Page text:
Firstly, the most important thing is to conduct policies that can make a platform for a fuller scope of creativity locally. Recently, there was the case of a rather twisted criticism regarding a famous Korean director winning the top award at a prestigious international film festival, saying that the film’s success was special because it had been made with the intention of competing at overseas film festivals. Another example is a famous foreign director saying that the specialness of Korean films lies in the difference between its vampire film, Thirst, and the Hollywood vampire film, Twilight. Although the development of the Korean film industry leaves much to be desired and hasn’t been receiving positive responseslately, and although the Korean films mentioned are not made by unknown, new directors, this just goes to prove just how important maintaining a widespread platform for creativity is in international competence. In the end, in order to maintain and develop performing arts Hallyu, we need to make it possible for the support for Korean performing arts to be deducted to this kind of platform.

- Expansion of the topography of consumption
Secondly, the performing arts ecosystem can be complete only when there is circulation between creation and consumption. This is sometimes interpreted in a negative way, in that it heightens the creation of works that reflect the tastes and likings of the public. However, when looking at the fact that a sense of place and continuing the reproduction element is important in performing arts, a performance that can’t reach the public emotionally will only turn out to become some record on paper. It also becomes important in the fact that the autochthonous and constructive know-how gained by the creator when meeting with the audience plays a crucial role in international exchange activities.

Le Maison des Cultures du Monde in France Haus der Kulturen der Welt in Berlin

Although the quality of works is important for the landscape of consumption to expand, there needs to be support for developing more diverse tastes to prove that popular appeal is not the only connecting point in creation and consumption. Thus, there is a need to nurture the ability of current and potential audiences to have more sensibility towards diverse types of creative works and to appreciate these works. International exchange is not a one-way street, so instead of just featuring Korean performances in other countries, there also is a need for Korean audiences to be able to take in works from other countries as well. When the consistency of context and cohesion is heightened, the understanding and interactivity of the Korean audience will be heightened as well. However, fundamentally, there is a need to train the local audiences’ consistency of so that they can appreciate performance art works from various cultures in a more mutually comparable level rather than simply regard them as “exotic.” Communicating the values and problems of the same generation is possible through various mediums and platforms. However, understanding of context and change can only be achieved by being in contact with diverse views from the past to the present. Thus, improving audiences’ contextual understanding the process of translating a culture will contribute to making a balanced inbound and outbound scene. In this sense, by continuously providing various performing arts around the world, from ethnic to modern, La Maison des la Cultures du Monde in Paris, France, and the Haus der Kulturen der Welt in Berlin, Germany, are able to contribute to the horizontal and vertical expansion of international exchange among consumer audience.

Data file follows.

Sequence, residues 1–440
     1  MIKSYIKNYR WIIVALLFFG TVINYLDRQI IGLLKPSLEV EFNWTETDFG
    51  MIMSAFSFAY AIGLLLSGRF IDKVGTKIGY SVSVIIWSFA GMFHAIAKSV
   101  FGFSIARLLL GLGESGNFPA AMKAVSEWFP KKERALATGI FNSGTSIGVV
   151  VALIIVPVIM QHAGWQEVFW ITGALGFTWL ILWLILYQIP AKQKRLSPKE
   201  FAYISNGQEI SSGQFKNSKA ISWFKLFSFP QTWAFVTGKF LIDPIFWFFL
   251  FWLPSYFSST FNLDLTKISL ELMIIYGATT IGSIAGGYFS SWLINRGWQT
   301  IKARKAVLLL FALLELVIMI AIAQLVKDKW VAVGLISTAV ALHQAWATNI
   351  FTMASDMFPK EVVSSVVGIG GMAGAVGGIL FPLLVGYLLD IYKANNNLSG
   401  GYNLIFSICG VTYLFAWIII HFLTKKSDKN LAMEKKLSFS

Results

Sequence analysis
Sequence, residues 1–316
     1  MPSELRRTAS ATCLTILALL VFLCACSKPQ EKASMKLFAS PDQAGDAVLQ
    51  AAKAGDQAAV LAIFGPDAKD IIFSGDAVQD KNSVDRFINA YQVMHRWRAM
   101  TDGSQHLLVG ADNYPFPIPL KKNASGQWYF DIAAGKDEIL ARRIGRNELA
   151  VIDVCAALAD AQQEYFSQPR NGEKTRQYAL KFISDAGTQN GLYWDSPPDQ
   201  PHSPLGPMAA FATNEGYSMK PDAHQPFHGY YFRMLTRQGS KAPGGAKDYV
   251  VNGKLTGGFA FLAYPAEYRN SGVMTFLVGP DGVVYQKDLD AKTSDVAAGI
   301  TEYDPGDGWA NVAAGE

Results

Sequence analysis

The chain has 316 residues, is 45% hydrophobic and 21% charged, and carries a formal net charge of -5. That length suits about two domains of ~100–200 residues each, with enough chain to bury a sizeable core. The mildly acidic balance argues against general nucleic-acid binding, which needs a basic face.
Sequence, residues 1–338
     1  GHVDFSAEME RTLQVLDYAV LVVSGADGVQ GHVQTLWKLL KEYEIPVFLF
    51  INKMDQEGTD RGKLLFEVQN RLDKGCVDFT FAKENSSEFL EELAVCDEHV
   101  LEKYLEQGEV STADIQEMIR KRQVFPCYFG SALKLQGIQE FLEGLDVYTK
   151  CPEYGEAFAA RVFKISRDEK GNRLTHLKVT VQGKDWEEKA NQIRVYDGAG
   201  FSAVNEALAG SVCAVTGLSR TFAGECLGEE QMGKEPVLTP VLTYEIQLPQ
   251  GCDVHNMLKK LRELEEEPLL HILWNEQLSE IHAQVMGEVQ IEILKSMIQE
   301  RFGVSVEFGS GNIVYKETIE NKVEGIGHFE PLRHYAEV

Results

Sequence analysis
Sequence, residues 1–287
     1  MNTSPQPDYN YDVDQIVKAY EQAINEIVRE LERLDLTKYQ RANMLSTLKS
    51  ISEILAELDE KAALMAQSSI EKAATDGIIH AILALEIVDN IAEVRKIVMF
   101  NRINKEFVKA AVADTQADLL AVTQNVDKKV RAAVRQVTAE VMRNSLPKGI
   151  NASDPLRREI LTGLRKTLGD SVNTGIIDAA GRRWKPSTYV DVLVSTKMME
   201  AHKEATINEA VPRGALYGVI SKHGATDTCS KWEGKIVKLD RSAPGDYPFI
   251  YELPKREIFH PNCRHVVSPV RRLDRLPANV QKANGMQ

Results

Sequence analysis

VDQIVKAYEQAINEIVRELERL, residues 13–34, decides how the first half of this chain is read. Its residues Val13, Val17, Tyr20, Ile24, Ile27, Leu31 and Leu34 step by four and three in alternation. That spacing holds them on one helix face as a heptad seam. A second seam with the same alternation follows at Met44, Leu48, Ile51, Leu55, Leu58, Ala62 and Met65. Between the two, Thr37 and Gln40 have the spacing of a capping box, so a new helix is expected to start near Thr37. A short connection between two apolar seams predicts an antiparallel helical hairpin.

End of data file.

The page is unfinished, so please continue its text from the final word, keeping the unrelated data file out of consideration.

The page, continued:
- Strengthening the capability of specialist manpower
Thirdly, as mentioned in the beginning, the important thing when it comes to international exchange is internal motivation for exchange. This internal motivation—whether it lies in exporting works, artistic inspiration for instilling creative drive, or producing innovative, creative works—is the force that hauls through all stages of exchange. However, in this process, if this motivation is not backed by a system, it can’t be realized. In this sense, organizations and manpower that professionally support and conduct international exchange in state-run and public cultural arts institutions are the very basic element for international exchange activities. If it becomes possible for overseas cultural centers to be run by international exchange professionals, leading to the building of internal and external networks and real-time exchange of information, exchange will be conducted in a more effective way. Also, in the private sector, there will be more suitable support. It is also important for private arts organizations to understand and broaden their appreciation for the landscape of international exchange; creating an exchange network that centers on the actual scene, when connected to the system, has a higher possibility of creating synergy. The reason that UK’s Visiting Arts and Switzerland’s Pro Helvetia hire employees with a vast knowledge of the respective culture and arts sector and conduct cultural and arts exchanges in a public format is because it isn’t possible to achieve good results if the private sector can’t absorb the professional manpower internally.

Picture of the Joseon Tongsinsa _ photo by Busan Cultural Foundation

The simple truth